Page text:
Encounters at the End of the World
Landmark Lumiere Theatre
June 28, 2008
"The Wild Blue Yonder" is one of my favorite movies from the last couple years. It's also one of director Werner Herzog's wackier cinematic visions: the loose story of an alien invasion, as told through actual NASA footage of astronauts and incredible shots of the underwater life in Antarctica. Herzog’s new movie, “Encounters at the End of the World,” takes you back to Antarctica, only the stories he tells here are stranger than fiction. The movie is a documentary about the types of people who collect at the South Pole, the people who, as one resident puts it, “aren’t strapped down to Earth so they fall down there together” (I’m paraphrasing, but that’s the sentiment).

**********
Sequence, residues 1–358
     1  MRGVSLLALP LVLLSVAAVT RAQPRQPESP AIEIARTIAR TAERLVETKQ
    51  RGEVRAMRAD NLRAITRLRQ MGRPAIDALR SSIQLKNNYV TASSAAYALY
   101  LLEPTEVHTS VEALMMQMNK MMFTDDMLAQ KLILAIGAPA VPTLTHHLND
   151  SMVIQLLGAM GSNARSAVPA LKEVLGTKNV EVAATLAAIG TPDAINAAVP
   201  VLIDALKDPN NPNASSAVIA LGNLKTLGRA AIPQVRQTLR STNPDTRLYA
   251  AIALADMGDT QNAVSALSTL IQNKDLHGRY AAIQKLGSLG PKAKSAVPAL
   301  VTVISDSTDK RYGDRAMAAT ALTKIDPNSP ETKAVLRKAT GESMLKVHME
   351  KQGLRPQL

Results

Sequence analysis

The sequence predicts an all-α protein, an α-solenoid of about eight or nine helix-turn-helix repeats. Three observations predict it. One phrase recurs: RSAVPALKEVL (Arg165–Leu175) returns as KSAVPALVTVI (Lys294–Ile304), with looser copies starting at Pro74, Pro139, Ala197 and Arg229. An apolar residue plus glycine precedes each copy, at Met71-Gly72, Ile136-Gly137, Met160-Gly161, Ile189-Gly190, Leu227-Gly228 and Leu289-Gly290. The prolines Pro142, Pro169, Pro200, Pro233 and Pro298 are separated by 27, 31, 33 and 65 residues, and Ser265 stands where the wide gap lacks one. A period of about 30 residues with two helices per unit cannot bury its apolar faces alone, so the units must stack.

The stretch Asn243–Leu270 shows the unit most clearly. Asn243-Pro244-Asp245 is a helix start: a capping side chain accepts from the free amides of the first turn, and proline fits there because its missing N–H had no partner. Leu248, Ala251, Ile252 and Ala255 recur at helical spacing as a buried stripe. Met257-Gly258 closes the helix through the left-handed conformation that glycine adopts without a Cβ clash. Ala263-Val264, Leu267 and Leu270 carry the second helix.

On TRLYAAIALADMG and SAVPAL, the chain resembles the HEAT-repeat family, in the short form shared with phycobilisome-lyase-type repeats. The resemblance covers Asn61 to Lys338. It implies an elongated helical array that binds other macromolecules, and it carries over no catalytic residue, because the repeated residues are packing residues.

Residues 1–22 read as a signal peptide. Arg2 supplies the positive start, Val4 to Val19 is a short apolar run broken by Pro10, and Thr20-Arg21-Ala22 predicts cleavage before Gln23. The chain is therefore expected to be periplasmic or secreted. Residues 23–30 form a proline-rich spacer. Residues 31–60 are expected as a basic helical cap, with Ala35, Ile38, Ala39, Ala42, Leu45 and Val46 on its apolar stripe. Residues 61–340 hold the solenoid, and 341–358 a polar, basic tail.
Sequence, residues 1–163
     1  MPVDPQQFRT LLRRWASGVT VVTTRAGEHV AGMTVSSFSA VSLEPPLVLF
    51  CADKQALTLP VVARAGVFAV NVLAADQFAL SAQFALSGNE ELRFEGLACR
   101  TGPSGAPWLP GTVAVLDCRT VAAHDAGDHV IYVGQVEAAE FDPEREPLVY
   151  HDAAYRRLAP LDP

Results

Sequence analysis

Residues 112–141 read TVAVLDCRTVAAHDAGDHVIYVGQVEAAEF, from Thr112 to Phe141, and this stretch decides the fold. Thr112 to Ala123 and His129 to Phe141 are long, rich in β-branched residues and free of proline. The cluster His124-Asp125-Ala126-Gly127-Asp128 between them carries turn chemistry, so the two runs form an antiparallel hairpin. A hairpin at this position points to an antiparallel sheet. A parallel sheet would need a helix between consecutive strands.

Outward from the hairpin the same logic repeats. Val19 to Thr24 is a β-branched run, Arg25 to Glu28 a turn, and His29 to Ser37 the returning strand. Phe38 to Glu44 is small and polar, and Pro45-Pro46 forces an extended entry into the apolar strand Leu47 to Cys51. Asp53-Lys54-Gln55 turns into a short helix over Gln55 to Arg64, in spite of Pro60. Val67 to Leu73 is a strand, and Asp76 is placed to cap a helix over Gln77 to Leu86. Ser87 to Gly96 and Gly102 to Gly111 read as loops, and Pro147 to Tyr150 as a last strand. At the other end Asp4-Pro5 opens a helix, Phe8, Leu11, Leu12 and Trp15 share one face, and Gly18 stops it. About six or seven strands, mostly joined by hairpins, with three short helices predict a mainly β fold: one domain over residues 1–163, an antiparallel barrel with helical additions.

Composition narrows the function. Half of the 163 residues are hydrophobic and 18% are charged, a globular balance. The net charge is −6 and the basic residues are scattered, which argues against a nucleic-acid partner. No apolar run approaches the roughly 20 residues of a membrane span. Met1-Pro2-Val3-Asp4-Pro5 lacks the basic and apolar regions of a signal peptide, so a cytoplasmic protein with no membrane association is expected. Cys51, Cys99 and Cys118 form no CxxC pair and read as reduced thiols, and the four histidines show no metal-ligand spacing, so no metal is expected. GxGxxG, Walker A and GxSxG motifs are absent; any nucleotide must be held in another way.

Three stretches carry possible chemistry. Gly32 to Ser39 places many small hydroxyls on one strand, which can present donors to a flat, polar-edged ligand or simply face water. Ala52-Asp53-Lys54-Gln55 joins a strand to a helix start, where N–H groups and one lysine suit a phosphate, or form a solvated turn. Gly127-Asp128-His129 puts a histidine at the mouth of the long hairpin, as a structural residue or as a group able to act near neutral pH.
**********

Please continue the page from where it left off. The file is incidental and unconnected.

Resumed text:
Herzog captures communities studying the elements of Antarctica, everything from icebergs and penguins to volcanoes and particles invisible to the human eye. Herzog also captures a number of idiosyncrasies: from one scientists’ passion for screening doomsday science fiction films to a death-courting penguin’s run to the hills. As always, Herzog’s eye for detail is as sharp as his humor, and it’s entertaining to hear his take on life in the icy wild (where he calls the man-made yoga and aerobics centers “abominations”) displayed bluntly. Other times his dry wit is less obvious in its jabs, but still makes you laugh (one janitor convinced he has “Mayan hands”). It’s rare that you get a director this capable of teaching you about a completely different way of life without getting overly reverent or overly judgmental. “Encounters at the End of the World” lingered in my head and my conversations long after the movie ended. –-Jennifer Maerz